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Human factors in automated forensic DNA examination

M. W. Perlin, "Human factors in automated forensic DNA examination", Expert Working Group on Human Factors in Forensic DNA Interpretation: Probabilistic Genotype Software, National Institute of Standards and Technology, National Institute of Justice, 26-Jan-2021.


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Abstract

The National Institute of Standards and Technology (NIST) and the National Institute of Justice (NIJ) formed an "Expert Working Group on Human Factors in Forensic DNA Interpretation" to better understand the role of human factors in forensic examination.

The NIST/NIJ Working Group invited Cybergenetics Chief Scientist Dr. Mark Perlin to speak with them about probabilistic genotyping software. Cybergenetics developed the TrueAllele® computer technology twenty years ago. The system identifies people in DNA mixture evidence by producing accurate likelihood ratio (LR) match statistics.

Dr. Perlin gave a 45 minute talk in January to the Working Group, followed by 45 minutes of Q&A. His talk began with some key principles of probabilistic genotyping:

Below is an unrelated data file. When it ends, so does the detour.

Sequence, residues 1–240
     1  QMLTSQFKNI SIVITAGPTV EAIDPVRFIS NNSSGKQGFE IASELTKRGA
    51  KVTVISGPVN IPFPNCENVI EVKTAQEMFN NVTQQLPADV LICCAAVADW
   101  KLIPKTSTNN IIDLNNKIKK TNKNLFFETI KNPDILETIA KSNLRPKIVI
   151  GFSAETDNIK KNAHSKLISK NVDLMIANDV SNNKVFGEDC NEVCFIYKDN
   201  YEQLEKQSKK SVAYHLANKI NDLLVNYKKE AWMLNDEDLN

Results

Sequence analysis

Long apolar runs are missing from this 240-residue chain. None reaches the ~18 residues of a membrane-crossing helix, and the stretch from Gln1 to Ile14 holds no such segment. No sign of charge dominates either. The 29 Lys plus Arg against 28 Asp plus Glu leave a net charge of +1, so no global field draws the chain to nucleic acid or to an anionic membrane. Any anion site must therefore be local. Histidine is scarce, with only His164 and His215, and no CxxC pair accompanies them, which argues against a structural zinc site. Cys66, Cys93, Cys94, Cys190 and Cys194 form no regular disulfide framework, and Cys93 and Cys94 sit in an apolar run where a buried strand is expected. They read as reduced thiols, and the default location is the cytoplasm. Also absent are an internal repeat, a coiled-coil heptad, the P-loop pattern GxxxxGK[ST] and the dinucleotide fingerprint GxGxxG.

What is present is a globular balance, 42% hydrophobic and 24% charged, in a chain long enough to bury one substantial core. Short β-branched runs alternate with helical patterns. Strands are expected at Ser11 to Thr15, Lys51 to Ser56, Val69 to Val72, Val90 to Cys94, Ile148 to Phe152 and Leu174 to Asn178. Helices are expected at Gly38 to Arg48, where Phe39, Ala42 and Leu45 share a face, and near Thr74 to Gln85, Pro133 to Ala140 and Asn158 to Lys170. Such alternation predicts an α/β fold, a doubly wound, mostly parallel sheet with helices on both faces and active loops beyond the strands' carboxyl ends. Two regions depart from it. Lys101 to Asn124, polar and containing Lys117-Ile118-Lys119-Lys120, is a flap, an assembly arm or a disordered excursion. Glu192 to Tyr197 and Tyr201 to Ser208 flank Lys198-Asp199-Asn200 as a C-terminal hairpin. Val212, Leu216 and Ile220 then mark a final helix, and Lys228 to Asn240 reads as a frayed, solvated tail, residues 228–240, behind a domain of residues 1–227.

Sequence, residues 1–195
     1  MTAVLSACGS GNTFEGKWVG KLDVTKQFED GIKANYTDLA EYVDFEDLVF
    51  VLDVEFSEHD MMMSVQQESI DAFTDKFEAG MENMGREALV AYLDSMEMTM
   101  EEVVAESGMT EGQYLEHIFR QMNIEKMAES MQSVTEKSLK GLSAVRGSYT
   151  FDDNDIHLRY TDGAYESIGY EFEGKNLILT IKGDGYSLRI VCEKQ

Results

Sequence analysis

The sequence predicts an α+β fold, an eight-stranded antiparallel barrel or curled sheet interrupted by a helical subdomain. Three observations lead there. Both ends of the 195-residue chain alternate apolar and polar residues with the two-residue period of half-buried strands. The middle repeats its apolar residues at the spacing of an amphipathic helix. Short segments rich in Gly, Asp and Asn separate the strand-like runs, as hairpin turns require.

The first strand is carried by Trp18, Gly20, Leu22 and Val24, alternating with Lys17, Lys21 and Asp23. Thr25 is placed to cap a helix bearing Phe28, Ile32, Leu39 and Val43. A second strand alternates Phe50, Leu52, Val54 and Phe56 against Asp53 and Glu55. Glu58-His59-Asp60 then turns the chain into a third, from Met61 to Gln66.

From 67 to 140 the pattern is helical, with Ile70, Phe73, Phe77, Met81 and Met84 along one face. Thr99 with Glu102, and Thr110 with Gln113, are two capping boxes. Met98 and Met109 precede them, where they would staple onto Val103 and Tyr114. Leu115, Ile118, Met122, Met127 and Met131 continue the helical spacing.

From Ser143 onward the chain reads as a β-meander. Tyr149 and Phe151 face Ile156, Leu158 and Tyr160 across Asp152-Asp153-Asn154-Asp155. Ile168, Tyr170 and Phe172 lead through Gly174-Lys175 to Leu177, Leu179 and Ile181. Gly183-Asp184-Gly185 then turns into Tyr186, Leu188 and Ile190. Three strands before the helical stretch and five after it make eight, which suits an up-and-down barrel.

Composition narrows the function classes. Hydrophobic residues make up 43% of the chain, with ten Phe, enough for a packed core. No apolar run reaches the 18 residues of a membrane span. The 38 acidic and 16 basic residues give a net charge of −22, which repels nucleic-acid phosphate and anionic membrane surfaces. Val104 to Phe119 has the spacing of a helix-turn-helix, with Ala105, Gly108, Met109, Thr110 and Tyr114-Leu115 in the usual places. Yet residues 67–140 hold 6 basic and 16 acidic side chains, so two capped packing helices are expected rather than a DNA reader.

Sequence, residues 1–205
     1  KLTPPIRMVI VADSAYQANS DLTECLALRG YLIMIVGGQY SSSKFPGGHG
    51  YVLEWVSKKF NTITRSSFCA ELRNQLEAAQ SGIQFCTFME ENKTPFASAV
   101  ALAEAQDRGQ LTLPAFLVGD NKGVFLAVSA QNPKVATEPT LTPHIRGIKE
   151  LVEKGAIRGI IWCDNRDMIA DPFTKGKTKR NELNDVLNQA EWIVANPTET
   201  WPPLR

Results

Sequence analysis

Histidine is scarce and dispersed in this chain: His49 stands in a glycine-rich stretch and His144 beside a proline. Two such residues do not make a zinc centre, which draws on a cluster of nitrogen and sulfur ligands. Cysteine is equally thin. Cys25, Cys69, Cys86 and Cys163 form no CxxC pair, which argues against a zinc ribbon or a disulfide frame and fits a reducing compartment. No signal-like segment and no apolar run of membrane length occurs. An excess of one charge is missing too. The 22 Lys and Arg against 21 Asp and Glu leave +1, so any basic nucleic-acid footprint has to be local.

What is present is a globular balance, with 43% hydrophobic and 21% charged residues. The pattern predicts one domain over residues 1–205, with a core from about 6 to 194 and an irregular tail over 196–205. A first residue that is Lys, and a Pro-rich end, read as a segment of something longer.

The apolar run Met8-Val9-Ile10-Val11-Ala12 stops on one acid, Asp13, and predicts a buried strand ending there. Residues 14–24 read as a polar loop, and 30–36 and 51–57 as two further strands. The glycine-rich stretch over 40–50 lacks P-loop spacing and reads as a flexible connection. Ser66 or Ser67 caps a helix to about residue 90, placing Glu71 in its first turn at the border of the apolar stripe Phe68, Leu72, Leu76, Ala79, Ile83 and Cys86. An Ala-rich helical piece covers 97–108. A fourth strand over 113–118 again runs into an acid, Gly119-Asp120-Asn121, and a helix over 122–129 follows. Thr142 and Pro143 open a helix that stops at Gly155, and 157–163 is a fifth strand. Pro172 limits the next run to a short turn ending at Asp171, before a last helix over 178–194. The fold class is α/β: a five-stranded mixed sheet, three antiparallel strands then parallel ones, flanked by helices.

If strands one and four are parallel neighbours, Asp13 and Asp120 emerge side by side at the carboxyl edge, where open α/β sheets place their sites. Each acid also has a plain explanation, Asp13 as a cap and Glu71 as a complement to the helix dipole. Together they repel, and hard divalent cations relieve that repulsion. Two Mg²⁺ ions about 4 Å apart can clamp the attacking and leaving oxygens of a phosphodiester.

• PCR introduces randomness in amplified allele amounts
  • Genotype combinations explain DNA mixture data
  • Solving for all possible genotypes, up to probability
  • Bayesian modelling finds genotypes in STR evidence data
  • A two-step framework for objectively examining DNA mixtures
  • Genotype match distributions, validation studies, and error rates

The Working Group had asked Dr. Perlin eight specific questions. His talk continued by answering their questions. To paraphrase, the topics were:


  • How DNA complexity affects understanding and communication
  • Explaining probabilistic genotyping results to a jury
  • Validating a probabilistic genotyping system
  • Selecting DNA samples in a validation study
  • When do computers outperform a human analyst
  • How the LR depends on reference database assumptions
  • Any 'manufacturer's warnings' for TrueAllele crime labs
  • Automatic genotype comparison with contamination databases

These probabilistic genotyping principles and topics are of interest to forensic scientists, attorneys, judges, scholars, policy makers, statisticians, other scientists, and the general public. Dr. Perlin's 45-minute presentation to the NIST/NIJ Working Group is available on YouTube.